880 - 934 Brad Barrett Yeah. I mean leftovers are perfectly healthy. I mean it's not we're not living in the stone ages they're sitting in a refrigerator. And second. Who the heck are you a King. I mean like that you're getting waited on and getting new food every day. Like if you want to just somehow cut out the oh I'm busy or just stop wasting money it's buy something and have a plan. So Laura might cook. Let's say she has this chicken that she puts in the slow cooker that is like this Mexican chicken we call it and she'll have a plan for two to three nights for it and maybe she'll make enough that she'll freeze half of it. So we'll have two or three nights that week and then she has chicken in the freezer for two weeks later because you know I mean we're not going eat the same thing every week but just by taking no time at all or just throwing things in a slow cooker we have five dinners worth. Right. I mean think about think about how valuable that is just from a time perspective.
cooking, health
934 - 1038 Jonathan Mendonsa You know I think we're on the same page. You know I really would like to with Laura just dig into some of the details and see you know kind of what recipes have worked for you all. I think that we're doing a lot of the stuff the same. I haven't completely figured it out and to be honest with you. Part of me says oh well you can discount Brad because he's financially independent and isn't working and doing this at the same time. But I've you know I've been in the dual income family and I think maybe some of our audience might do that too because they're kind of in that space. It is that time component. But you know I think we all have different challenges that we face for different reasons like Brad's two kids. I don't have two kids. And there's reasons that you may not feel that you can do something, but I guess I would encourage you the audience you know don't write something off just because they don't have the exact same situation as you. Instead I would encourage you to look for what is usable from that. How can I use it. So you know I completely agree with Brad America has food obsession we have we have grocery stores at every major intersections restaurant in every corner. Fast food chains to fill the gaps in between. And I'm glad we're talking about this because I've talked to all my neighbors and family members and those conversations mirror the statistics that I read on line which is that most of middle class America's disposable income goes to you know food and grocery bill or restaurants and those the food budget outside of the mortgage probably takes up the biggest piece you know anywhere from five hundred to upwards of twelve hundred dollars a month when you add in restaurants and alcohol. You know if you just want to take one piece from that and they cut out the restaurants and alcohol you can probably And if that's where you're spending your money that is then you could probably save $300 a month just from that for some people that I know that don't have that money. But that's where that's where they spend it.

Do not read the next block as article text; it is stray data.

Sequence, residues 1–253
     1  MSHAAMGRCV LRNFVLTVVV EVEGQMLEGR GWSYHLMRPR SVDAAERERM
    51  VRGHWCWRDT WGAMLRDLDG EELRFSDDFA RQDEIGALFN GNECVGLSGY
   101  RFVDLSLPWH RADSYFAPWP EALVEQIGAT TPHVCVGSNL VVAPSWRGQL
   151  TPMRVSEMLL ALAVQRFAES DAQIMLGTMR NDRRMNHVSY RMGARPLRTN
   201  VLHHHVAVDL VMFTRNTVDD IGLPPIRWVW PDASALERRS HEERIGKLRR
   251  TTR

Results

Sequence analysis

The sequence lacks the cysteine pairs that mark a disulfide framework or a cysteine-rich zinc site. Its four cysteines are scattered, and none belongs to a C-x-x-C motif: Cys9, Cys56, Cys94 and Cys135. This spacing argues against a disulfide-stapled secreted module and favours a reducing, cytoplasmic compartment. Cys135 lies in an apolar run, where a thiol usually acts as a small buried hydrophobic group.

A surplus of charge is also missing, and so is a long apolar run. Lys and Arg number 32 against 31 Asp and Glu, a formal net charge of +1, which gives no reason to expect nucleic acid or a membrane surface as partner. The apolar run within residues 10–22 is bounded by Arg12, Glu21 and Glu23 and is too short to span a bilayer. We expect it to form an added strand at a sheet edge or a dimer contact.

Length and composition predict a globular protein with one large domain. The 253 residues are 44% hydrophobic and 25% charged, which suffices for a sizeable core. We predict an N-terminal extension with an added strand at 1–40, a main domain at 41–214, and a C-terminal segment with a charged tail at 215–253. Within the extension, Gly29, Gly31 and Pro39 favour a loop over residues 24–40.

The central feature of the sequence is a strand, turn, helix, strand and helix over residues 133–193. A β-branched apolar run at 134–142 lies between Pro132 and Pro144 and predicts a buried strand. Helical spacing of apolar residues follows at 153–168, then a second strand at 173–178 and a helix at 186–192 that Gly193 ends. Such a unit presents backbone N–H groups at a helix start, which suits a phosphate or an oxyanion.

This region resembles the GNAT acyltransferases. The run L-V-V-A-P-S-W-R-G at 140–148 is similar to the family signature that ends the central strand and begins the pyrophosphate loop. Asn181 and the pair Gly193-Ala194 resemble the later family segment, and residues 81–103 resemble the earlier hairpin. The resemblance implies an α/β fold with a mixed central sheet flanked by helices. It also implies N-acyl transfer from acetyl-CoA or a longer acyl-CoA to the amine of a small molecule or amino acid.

1038 - 1157 Brad Barrett Yeah I completely agree with Jonathan. And you know I don't want to ever have a holier than thou attitude. That's not where I'm coming from at all. You know I understand many or most people are working nine to 5 or even longer and commuting and they have to pick up their kids and run and do this. And the reflexive answer is oh we'll just pick up takeout. It's simple but I reject that. I think I think that actually causes more harm it causes more time to be wasted because you think of it as oh I'm just going to go pick up take out. But I mean realistically it's going to take you 20 minutes roundtrip at minimum to do that. I mean that's if the place is close by. And that's every single night. You know that's seven days a week. You're talking a couple of hours out of your of your life at minimum. Whereas for us it's just five minutes of planning. Jonathan talked about you know recipes and things and we'll talk to Laura about that but we have just a little index of like our top 50 recipes as I call it. And we're always experimenting with new things and we don't want to make stuff that's garbage. So we're constantly just kind of testing and iterating and if there's something brand new that we try that's like you know as I joke like an A-plus plus that immediately goes on that top 50 recipe and then maybe something comes off and we'll just sit down on a Sunday and say What are the two things we want to make this week and that's four meals. Because like I mentioned we're always making for at least two nights. So and in all likelihood out of those two meals there is going to be enough left over for a fifth person meal. So you know the way that we do that is there's that leftover. And you know let's say I'll eat that the third night and Laura will eat a slice of pizza out of the freezer. So this is this is literally you know we're getting down to the nitty gritty here. Like this is what we do. We buy one pizza. Laura she doesn't want to sit there and chow down on multiple slices of pizza. She has one slice of pizza and you know a side dish of a salad.
commuting, mealplan
1157 - 1166 Jonathan Mendonsa Wow I could not walk away from one piece of pizza. Physically would be and I would try but I'm like four man and I think that's what's going to my waistline. I just can't walk away from that one piece.